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Finance Bill 2014: Second Stage (Resumed) (Continued)

Wednesday, 5 November 2014

Dáil Éireann Debate
Vol. 856 No. 2

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  11 o’clock

(Speaker Continuing)

[Deputy Pearse Doherty: Information on Pearse Doherty Zoom on Pearse Doherty] How would the Minister fund that? If it were to come out of additional spending, it would bring us over the deficit target. First of all, the €300 million is not €300 million, because if the Government scrapped water charges there would be no need for its tax relief off-setting water charges and no need for the household package to assist families who simply cannot pay, so the figure comes down to below €200 million in the first instance. If the Minister did not reduce income taxes from 41% to 40%, he could cope with today with no scaremongering about income tax going up by 4% and taking child benefit from vulnerable families and children. There would be none of that nonsense that this desperate Government is trying to peddle.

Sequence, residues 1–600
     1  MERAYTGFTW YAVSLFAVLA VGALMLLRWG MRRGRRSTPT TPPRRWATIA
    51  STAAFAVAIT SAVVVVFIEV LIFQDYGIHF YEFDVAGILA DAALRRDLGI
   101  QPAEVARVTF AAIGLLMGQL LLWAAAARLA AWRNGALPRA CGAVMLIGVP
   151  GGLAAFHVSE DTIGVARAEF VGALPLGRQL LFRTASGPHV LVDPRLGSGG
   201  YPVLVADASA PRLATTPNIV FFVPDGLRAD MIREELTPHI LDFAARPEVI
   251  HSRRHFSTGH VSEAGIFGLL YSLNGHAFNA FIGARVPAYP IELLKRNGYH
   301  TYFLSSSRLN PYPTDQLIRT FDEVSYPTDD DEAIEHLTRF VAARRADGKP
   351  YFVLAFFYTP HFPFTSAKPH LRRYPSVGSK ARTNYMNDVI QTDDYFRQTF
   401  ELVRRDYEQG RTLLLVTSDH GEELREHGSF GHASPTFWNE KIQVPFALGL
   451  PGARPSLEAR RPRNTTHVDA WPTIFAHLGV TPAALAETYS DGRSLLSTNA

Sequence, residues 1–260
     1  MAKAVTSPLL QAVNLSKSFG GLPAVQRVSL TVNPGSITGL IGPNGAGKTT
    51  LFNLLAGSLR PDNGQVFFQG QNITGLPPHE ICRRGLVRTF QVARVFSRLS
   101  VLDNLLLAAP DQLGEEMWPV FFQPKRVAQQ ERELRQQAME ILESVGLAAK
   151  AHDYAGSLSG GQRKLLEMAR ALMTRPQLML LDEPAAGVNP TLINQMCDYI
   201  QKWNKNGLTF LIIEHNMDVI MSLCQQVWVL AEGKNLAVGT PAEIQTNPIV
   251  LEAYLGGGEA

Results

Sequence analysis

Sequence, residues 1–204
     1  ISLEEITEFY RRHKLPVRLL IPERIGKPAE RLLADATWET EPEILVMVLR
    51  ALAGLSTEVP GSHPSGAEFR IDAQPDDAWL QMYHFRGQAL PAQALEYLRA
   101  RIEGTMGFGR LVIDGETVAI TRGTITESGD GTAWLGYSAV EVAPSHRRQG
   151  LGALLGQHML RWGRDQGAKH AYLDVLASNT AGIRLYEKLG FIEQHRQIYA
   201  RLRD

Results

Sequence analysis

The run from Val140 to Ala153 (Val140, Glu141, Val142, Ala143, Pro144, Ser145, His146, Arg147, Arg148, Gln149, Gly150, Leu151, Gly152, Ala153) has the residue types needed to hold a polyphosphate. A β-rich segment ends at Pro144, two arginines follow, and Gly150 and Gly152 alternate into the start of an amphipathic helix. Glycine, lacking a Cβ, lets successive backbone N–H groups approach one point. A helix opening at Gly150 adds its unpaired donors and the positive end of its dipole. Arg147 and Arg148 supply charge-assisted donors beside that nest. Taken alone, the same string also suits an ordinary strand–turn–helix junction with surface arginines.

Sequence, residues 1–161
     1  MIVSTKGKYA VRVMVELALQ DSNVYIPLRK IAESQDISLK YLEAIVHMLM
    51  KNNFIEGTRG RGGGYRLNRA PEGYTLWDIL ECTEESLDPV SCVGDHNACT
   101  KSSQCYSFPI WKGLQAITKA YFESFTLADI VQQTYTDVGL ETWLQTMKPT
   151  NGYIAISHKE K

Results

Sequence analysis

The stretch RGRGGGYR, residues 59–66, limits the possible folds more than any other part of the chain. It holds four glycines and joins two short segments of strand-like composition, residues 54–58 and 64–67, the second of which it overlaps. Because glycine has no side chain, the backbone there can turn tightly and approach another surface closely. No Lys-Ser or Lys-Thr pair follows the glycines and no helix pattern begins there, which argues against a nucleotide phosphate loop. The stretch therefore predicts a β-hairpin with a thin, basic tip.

That is not the Minister's only option. He has other options for finding that €200 million within the scope of other budgetary proposals, and we have suggested a number of them to him. However, he has decided not to do this. SARP is an absolute tax benefit to a handful of individuals. Let us be clear about this. A total of 12 individuals benefited from the scheme in 2012, while 31 benefited in 2013. It is a handful of individuals who an earn an unlimited amount of money, and their income will be reduced by 30% for tax purposes, giving them not thousands but tens of thousands of euro in write-downs, because they come here and the Minister thinks they are special. He believes that this will cost another €1 million. There is no limit on the type of money that the Government can throw at this handful of individuals. A person can claim for their or their children's educational fees and their flights to and from their home countries. Since they were not happy with €500,000, if people earn €1 million in this State, they can have that figure less €75,000. They can have 30% of that taken away from the tax man when they are calculating their tax. It is an absolute disgrace. At the same time and in the same breath, the Government tells families who simply do not have any money left at the end of the week that they must tighten their belts and pay up for the sins of others in the past through water charges, the property tax, prescription charges and a range of other charges.